Things Disappear

Tags: Lemn Sissay

Listening to radio an interviewer ask their interviewee “describe the experience for the listener”. Description is all the listener needs, imagination does the rest. “well…” comes the reply “its just too beautiful for words”. The answer makes me want to rip out the interviewees tongue and slap them with it. The pursuit of description engages and overcomes the possibility of failure (to describe). If something is worth pursuing it means it matters. Ergo “it’s just too beautiful for words” causes things to disappear. You think I am taking this too far. Good. Then we are on the same page.

If a tree falls in the forest and if nobody saw it or heard it fall then did it? We have an obligation, to share what we see. It did. The act of sharing is as important as the information it carries: the action of description and acknowledgement is the greatest gift of language. The first words of a child are often the description and realisation of some body. Imagine it did not speak because the world was too beautiful for words. But the child does speak and therein its power. And in the relatively recent story of colonisation language was the first to be taken from the children of indigenous peoples. The languages of the Inuit, here in Greenland taken by the Danes, the language of the aborigines taken by the English, the language of the Kenyan peoples, in east Africa taken by the english. This is why I blog. I never had family. I blog because it gives me a point of record or reference that I was alive at any given time. In acknowledging the disappearance of the ice from our earth: in blogging, a simple act of description, we are acknowledging that they were there. Did the tree fall in the forest though nobody saw it or heard it. It did, cause I did, I saw it. And if I don’t say it now there’ll be none left to fall. And what was the first word of the child? And why did it matter?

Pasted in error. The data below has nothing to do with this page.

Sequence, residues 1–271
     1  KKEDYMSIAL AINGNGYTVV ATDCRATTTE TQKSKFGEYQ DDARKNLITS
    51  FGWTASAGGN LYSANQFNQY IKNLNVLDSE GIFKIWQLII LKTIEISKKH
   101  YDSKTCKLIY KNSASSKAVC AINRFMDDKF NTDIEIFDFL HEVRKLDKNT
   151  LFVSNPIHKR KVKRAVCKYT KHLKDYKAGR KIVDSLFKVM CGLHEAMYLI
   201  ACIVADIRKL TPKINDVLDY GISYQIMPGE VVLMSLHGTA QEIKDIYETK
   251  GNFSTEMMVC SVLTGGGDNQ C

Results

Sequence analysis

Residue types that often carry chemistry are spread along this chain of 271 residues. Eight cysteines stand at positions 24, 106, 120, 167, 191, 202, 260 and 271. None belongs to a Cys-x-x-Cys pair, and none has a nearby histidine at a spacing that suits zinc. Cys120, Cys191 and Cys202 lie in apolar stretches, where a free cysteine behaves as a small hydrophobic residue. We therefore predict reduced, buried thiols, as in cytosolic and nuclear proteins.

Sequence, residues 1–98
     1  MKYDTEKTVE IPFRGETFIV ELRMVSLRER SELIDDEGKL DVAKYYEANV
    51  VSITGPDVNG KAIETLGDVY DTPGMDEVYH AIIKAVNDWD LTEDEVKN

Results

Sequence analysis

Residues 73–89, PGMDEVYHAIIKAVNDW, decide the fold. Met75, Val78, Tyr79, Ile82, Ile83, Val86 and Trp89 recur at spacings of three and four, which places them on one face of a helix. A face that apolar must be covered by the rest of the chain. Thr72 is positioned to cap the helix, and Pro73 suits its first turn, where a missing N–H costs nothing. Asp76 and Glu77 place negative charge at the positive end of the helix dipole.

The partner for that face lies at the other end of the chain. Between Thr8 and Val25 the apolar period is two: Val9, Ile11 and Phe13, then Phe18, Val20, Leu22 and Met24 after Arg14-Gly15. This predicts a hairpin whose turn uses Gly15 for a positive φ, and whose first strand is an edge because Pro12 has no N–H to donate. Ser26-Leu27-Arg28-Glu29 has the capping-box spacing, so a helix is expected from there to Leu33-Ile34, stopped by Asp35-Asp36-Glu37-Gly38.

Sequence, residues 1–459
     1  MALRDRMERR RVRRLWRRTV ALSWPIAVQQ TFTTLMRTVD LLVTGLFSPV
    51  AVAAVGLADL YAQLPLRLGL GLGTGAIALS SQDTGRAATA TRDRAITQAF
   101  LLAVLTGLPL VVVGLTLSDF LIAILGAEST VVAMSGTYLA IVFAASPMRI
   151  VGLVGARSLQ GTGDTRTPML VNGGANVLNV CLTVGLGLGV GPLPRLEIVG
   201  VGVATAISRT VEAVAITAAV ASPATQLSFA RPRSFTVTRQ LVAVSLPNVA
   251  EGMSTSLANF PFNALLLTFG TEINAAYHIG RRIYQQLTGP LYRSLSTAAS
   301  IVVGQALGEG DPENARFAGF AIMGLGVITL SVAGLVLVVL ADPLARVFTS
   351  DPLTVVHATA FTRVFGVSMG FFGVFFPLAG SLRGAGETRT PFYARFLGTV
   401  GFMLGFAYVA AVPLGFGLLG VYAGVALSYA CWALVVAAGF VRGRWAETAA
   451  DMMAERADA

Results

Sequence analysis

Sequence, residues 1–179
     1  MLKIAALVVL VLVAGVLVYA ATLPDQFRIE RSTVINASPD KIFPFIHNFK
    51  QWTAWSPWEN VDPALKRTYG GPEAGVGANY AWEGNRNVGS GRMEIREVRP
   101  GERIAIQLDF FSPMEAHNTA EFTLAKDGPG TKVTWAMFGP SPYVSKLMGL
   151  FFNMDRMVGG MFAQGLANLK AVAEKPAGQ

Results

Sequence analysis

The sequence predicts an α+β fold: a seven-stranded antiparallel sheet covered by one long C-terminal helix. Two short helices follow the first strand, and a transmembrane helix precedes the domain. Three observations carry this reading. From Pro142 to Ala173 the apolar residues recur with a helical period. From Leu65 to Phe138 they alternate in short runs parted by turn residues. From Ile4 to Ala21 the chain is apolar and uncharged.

One Comment

  1. Rachel

    Posted Wednesday 1 Oct at 10:11 | Permalink

    This morning in London people jumped doggedly on their bikes to combat the fuel emmissions and the depression that comes from too much time spent on the underground. You cycle and cycle and can either choose to open your eyes to the angles of the buses and the people waiting at the bus-stops, or you can choose to see the tarmac and think and think and think.
    The problem with the thinking only approach is that when it comes to actually saying something, we are lost for words. We can’t connect our internal monologue with what’s going on around us because we don’t know, we haven’t been the witness or the listener or the observer. This detraction and removal from the “BEAUTY” of the world is what separates us from the impact we’re having.
    So keep listening out there, keep those eyes and ears open, not frozen, and let us know what beauty it is that you are witness to. What Beauty it is that we should be fighting for; articulate the vision of why its worth being part of this world Mr Lemn!

    All love- Rx